Also speaking Mr. Julius Tobga of the Foundation Against Drug & Child Abuse, stated that drug policy reform is critical in vital and as such Liberia can research available regional and international policy and laws in placed to review and use as a case study for Liberia more especially the Model Drug Law for West Africa.

For her part, the Executive Director of Association of Progressive Youth of Liberia, Rueben Bobby Logan stated that drug policy that addresses treatment, care, and support for substance users should be given serious attention by stakeholders. Mr. Logan stressed that CSOs should increase advocacy on budgetary support to statutory institutions more specifically the Liberia Drug Enforcement Agency to increase and strengthen their enforcement capabilities.

 

Making remarks, Joseph S. Quoi of the Mental Health Unit of the Ministry of Health recommended to the gathering the if CSOs are to succeed in the advocacy process, they should do a holistic mapping of key and relevant stakeholders including some strategic UN agencies, Ministry of Justice, Ministry of Gender and education are critical to join the conversation.

 

Presenting on the Liberia Immigration Service role in combating drug trafficking in Liberia, Bolley B. Morlu, trainer at the Liberia Immigration Training Academy stated that the are many challenges faced the LIS ranging from under-resourced, porous borders, limited logistics and lack of collaboration from other Government agencies undermines the LIS to adequately perform their duties.

 

The LIS officer also stated that his institution has made some strive in providing some modern equipment to major border entry point including the Robert International Airport.

 

Also speaking, the Executive Director of the Institute for Democratic Action & Development, Joseph Cheayan stressed the critical need for joint efforts to increase advocacy on issues affecting substance users in the country. Mr. Cheayan also calls for the support of a national CSOs stakeholder steering committee to facilitate a bigger engagement amongst relevant actors in the sector to sustain the gains that have been made as to the result of the stakeholder's roundtable.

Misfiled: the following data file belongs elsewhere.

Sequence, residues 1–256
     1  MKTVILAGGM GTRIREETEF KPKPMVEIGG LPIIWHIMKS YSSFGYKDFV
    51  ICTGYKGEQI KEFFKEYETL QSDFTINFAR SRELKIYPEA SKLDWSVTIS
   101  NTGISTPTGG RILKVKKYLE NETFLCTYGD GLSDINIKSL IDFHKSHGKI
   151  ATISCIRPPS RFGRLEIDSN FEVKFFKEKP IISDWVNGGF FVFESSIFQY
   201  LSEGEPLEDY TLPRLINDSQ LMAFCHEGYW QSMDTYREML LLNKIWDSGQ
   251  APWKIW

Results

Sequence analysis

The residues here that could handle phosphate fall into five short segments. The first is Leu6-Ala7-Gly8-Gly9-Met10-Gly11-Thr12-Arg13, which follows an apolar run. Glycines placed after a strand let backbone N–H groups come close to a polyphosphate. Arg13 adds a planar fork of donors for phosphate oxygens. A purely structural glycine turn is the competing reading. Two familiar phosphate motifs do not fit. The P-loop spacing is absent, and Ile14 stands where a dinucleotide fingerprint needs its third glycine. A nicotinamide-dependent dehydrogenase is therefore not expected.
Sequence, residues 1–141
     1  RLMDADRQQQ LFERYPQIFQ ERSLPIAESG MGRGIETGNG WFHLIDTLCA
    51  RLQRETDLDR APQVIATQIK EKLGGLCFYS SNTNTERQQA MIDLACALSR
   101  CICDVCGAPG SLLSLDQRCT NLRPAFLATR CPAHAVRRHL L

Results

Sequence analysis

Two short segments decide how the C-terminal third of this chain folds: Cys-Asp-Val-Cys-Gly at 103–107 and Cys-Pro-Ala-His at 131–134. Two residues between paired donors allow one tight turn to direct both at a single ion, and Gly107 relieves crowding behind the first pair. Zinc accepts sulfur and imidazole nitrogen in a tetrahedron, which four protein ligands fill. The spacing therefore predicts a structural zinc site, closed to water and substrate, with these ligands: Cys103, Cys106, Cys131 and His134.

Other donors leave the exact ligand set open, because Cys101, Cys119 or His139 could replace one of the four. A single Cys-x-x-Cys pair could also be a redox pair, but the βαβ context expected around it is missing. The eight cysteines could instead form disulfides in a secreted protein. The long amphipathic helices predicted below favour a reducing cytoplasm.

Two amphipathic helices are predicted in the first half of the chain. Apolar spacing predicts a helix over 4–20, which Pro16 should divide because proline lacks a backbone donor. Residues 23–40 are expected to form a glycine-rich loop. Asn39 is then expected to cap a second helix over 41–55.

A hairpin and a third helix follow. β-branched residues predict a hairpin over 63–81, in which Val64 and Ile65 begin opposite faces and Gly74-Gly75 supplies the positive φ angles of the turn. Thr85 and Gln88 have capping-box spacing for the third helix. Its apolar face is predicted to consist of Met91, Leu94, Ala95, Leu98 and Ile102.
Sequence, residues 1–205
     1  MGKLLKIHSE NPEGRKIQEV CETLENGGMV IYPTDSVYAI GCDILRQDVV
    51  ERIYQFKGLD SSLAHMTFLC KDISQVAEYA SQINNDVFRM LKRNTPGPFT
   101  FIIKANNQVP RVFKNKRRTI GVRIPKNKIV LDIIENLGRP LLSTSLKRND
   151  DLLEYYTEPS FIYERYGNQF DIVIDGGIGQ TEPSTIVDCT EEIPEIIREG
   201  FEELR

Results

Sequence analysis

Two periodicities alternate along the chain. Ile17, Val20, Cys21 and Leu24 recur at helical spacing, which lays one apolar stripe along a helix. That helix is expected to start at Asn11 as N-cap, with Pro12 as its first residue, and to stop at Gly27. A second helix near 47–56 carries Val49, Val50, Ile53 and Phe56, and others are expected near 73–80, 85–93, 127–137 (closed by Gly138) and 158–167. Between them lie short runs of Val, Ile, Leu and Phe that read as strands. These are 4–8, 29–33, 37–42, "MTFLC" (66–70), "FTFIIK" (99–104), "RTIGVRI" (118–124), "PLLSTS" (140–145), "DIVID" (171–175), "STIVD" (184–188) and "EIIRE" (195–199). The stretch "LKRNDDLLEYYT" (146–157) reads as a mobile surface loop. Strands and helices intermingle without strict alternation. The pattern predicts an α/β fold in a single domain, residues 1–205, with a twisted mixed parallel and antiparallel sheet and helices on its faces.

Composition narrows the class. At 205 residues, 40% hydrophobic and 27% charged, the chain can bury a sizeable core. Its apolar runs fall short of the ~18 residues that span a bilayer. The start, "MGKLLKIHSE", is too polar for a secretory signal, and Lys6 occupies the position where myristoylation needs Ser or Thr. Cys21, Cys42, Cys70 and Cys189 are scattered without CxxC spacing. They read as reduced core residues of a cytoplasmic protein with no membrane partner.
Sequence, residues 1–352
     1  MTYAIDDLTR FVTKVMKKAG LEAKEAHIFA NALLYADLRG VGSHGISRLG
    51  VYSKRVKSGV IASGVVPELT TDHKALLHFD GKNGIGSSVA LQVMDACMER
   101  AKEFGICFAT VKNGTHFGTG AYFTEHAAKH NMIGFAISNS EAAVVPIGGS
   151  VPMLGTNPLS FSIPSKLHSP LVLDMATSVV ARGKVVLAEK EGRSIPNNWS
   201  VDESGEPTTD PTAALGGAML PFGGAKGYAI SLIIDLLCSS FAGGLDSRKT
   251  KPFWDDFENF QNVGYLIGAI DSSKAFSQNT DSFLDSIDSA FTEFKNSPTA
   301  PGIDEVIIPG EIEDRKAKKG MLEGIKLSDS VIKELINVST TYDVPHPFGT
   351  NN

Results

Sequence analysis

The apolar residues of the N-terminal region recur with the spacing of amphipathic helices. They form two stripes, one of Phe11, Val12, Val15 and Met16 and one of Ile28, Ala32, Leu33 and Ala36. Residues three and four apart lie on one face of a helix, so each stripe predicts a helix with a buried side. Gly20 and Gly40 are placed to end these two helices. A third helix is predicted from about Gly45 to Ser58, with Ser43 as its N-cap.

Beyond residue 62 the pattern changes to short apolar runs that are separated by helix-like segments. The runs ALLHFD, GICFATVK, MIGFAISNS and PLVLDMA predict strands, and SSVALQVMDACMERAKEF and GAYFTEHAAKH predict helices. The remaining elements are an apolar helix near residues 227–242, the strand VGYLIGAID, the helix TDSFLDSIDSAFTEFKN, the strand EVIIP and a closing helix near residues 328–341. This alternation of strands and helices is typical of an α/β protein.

CHALLENGES:

Like any other program or event, the Liberia Drug Policy Reform Stakeholders Roundtable had some challenges more especially mobilizing resources since the initiative was self-sponsored by the Global Action for Sustainable Development, Association of Progressive Youth of Liberia and Youth Aid. Also getting some relevant institutions to attend was also difficult, but with the right strategies implore the event was held as planned. These challenges now can be considered as lessons learned and we hope to improve on future events or activity.

RECOMMENDATION:

Participants at the meeting recommended the following as next steps:

  •  Steering committee be set up for the next event
  •  That a bigger meeting/ conference be held to give the debate a national attention
  •  That CSOs be committed to the process

CONCLUSION:

In view of all that has been expounded upon, it can clearly be acknowledged that the Liberia Drug Policy Reform Stakeholders Roundtable organized by the Global Action for Sustainable Development, Association of Progressive Youth of Liberia and Youth Aid was meticulously conducted with the overall goal, objectives and purposes being accomplished. Once more we appreciate each and everyone who took up their time to make this program a success we salute you.